"In the absence of any lawful mandate, Floridians should be free to make their private healthcare choices free from the unwarranted intrusion of unqualified third parties," the lawsuit states.

Miller points out that while courts hearing more than a dozen lawsuits filed against face mask ordinances in other parts of Florida have largely sided with the government, this case was unique because the ordinance is vague and overly broad.

A call to Miller late in the afternoon on Friday was not immediately returned. Similarly, a message sent to Councilman Matt Wardell, who introduced the emergency ordinance, also was not immediately returned.

On Wednesday, the city council voted to override Mayor Kent Guinn’s veto of the ordinance.

The ordinance makes business owners responsible for encouraging face masks or risk a $25 fine. The ordinance compels businesses to post signs stating that face masks are required, to ask customers who are not wearing masks to wear one and to require all employees to wear masks.

But customers can ignore the encouragement, and no penalty can be brought against them.

In defending his veto, Guinn called the ordinance a toothless mandate that was more about symbolism.

"It’s a mandate that you don’t have to follow," he said.

The emergency face mask ordinance passed 4-1 on Aug. 4. On Monday, Guinn vetoed the ordinance, prompting Wednesday’s emergency meeting.

Wardell said the ordinance does not punish businesses if customers decline to wear masks while at their establishments.

On Thursday, Wardell defended the ordinance.

"I haven’t looked at every mask ordinance in the state, but I’ve got to imagine ours (the City of Ocala’s) is one of the softest, given the fact that it doesn’t actually mandate individuals wear a mask," Wardell said.

The lawsuit also comes on the heels of a decision by Marion County Sheriff Billy Woods ordering deputies not to wear masks in most instances and banning employees and visitors from wearing masks inside the sheriff’s office building.

That directive was in direct response to the Ocala face mask ordinance. The move drew widespread national attention as one of the first known public mandates against masks.

On Thursday, Woods eased the mask ban significantly when it came to lobby visitors. Originally, the sheriff’s lobbies were to remain a mask-free zone. Visitors who did not want to remove their masks could sit in their cars and wait for a phone call when it was their turn.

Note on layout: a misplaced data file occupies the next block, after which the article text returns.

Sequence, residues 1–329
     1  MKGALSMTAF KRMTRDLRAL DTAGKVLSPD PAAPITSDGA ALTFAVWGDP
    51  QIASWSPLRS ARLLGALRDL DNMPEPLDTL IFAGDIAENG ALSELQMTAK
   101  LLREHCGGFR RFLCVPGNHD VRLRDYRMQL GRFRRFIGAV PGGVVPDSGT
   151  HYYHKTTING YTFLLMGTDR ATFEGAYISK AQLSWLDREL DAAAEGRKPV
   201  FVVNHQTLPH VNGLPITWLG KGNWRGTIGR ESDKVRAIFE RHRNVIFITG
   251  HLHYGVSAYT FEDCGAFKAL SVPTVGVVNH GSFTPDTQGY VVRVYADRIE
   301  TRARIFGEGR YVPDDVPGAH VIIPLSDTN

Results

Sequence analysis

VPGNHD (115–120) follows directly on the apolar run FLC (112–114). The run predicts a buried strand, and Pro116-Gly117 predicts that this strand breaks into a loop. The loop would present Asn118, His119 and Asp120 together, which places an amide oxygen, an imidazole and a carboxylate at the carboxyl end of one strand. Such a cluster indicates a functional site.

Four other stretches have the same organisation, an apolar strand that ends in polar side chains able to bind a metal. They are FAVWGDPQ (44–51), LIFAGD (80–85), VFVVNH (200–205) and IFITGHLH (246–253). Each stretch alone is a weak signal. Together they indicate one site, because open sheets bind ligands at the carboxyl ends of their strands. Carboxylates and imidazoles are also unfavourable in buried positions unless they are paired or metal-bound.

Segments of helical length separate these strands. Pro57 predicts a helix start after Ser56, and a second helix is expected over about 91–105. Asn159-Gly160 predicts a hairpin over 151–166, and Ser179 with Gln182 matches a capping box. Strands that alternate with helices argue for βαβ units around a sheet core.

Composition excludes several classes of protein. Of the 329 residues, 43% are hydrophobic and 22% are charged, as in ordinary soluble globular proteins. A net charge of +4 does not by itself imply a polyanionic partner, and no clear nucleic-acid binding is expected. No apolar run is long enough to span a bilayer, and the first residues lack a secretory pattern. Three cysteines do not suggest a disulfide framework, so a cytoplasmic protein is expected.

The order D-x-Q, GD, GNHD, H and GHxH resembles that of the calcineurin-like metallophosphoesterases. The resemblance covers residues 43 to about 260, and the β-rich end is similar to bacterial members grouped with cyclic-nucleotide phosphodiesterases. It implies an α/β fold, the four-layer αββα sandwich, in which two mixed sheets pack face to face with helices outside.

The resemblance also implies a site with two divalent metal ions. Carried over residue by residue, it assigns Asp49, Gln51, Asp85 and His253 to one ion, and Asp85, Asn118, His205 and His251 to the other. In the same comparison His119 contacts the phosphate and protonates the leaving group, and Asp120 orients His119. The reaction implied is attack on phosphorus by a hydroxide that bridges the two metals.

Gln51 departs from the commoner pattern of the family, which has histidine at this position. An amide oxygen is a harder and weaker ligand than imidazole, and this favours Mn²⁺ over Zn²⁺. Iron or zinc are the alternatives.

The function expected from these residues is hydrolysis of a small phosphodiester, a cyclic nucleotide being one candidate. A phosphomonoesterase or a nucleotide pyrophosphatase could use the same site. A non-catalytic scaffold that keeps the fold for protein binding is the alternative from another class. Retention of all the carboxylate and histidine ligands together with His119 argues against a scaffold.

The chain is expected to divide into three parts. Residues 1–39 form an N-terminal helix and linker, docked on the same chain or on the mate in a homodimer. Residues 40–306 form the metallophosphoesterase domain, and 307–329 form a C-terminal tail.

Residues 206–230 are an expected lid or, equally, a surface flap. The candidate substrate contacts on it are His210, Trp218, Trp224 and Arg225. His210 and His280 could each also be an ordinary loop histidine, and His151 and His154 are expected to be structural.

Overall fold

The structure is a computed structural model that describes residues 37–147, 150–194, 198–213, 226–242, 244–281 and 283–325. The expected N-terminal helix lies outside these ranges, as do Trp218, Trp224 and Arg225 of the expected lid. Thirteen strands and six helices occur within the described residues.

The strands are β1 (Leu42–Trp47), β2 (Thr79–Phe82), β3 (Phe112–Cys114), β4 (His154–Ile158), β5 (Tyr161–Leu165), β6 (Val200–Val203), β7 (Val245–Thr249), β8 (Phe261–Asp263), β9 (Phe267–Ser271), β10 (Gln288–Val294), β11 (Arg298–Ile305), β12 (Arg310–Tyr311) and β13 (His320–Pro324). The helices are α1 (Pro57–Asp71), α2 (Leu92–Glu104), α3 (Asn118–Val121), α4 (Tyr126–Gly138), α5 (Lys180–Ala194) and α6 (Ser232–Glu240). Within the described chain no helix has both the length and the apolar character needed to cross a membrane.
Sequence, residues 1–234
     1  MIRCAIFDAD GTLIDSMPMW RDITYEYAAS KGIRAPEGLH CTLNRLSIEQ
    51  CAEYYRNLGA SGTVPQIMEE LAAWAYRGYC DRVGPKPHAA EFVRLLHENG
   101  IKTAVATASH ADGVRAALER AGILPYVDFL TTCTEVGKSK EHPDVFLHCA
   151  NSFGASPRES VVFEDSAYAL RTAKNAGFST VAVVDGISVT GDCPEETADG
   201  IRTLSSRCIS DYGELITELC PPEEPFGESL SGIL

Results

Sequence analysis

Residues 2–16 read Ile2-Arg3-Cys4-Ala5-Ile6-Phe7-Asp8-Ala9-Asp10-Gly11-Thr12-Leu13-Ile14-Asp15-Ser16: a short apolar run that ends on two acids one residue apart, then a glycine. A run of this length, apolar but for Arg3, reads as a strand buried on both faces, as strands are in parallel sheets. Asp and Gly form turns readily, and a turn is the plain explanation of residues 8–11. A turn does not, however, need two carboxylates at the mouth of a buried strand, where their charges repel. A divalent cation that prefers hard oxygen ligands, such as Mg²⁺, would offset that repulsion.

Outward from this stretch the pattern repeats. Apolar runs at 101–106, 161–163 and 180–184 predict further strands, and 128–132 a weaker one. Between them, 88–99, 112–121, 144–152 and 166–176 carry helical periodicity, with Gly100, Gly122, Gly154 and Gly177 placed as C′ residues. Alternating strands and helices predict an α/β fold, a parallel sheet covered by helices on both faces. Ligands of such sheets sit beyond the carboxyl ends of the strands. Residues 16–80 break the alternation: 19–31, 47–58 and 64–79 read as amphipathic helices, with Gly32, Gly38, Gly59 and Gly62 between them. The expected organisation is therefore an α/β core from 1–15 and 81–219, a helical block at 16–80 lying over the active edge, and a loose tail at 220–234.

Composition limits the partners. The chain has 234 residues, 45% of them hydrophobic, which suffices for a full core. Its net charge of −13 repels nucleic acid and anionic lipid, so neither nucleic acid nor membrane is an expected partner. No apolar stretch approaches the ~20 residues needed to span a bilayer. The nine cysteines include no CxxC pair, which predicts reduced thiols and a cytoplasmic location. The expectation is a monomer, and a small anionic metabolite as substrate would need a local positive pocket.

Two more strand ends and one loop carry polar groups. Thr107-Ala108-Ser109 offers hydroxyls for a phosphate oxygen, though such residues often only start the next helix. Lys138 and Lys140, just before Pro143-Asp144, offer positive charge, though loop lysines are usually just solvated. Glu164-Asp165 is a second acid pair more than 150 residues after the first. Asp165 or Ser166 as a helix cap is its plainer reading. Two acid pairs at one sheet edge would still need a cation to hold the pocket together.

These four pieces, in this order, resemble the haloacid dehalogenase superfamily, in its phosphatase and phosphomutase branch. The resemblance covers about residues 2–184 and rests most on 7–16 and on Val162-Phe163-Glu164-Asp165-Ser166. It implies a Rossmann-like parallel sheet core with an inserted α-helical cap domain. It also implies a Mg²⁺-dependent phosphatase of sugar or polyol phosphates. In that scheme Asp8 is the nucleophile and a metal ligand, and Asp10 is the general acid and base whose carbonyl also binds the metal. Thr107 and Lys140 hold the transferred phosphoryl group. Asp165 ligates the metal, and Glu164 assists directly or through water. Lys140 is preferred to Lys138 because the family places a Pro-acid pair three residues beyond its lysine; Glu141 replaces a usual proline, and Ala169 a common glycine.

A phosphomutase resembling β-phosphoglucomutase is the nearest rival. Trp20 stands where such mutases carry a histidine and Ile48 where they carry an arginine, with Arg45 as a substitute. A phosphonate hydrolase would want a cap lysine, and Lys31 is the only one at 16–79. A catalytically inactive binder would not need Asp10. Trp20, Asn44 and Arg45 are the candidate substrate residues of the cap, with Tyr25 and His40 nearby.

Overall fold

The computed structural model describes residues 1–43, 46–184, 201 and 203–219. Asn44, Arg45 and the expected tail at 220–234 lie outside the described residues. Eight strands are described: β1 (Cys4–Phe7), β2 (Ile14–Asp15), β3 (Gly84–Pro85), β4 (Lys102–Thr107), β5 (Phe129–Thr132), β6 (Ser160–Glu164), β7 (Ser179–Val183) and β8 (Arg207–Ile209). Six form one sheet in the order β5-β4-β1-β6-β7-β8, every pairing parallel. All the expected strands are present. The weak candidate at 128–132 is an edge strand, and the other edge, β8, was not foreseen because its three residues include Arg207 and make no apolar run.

Sheriff’s officials now say visitors must briefly remove their masks to capture their faces on the security camera. After that, they can replace their masks.

The no-mask policy, however, continues for the more than 750 sheriff’s employees. Deputies will not wear masks while on duty, and administrative workers also will remain maskless while in the office. Exceptions to the no-mask policy include sheriff personnel working at the courthouse, the jail, in public schools, in hospitals and in dealing with people suspected of being infected with COVID-19 or at high risk of complications from the disease. Read more

Marion County deputies ordered not to wear masks

Marion County deputies ordered not to wear masks
Ocala Star-Banner
By Austin L. Miller
Posted Aug 11, 2020 at 5:30 PM

Sheriff Billy Woods forbids his employees and those visiting his offices to wear masks in most circumstances as Ocala wrestles with mask mandate.

As the city of Ocala wrestles with an ordinance requiring face coverings for people inside businesses, Marion County Sheriff Billy Woods told his employees they will not wear masks at work and visitors to his office can’t wear masks either.

Woods, in an email dated Aug. 11, said "my order will stand as is when you are on-duty/working as my employee and representing my Office – masks will not be worn."

Ocala City Council passed an emergency ordinance last week requiring people to wear masks inside businesses. Mayor Kent Guinn vetoed it Monday and the council will meet Wednesday to consider overriding the veto.

Marion County set a single-day record on Tuesday for the most deaths related to COVID-19, with 13 more deaths reported.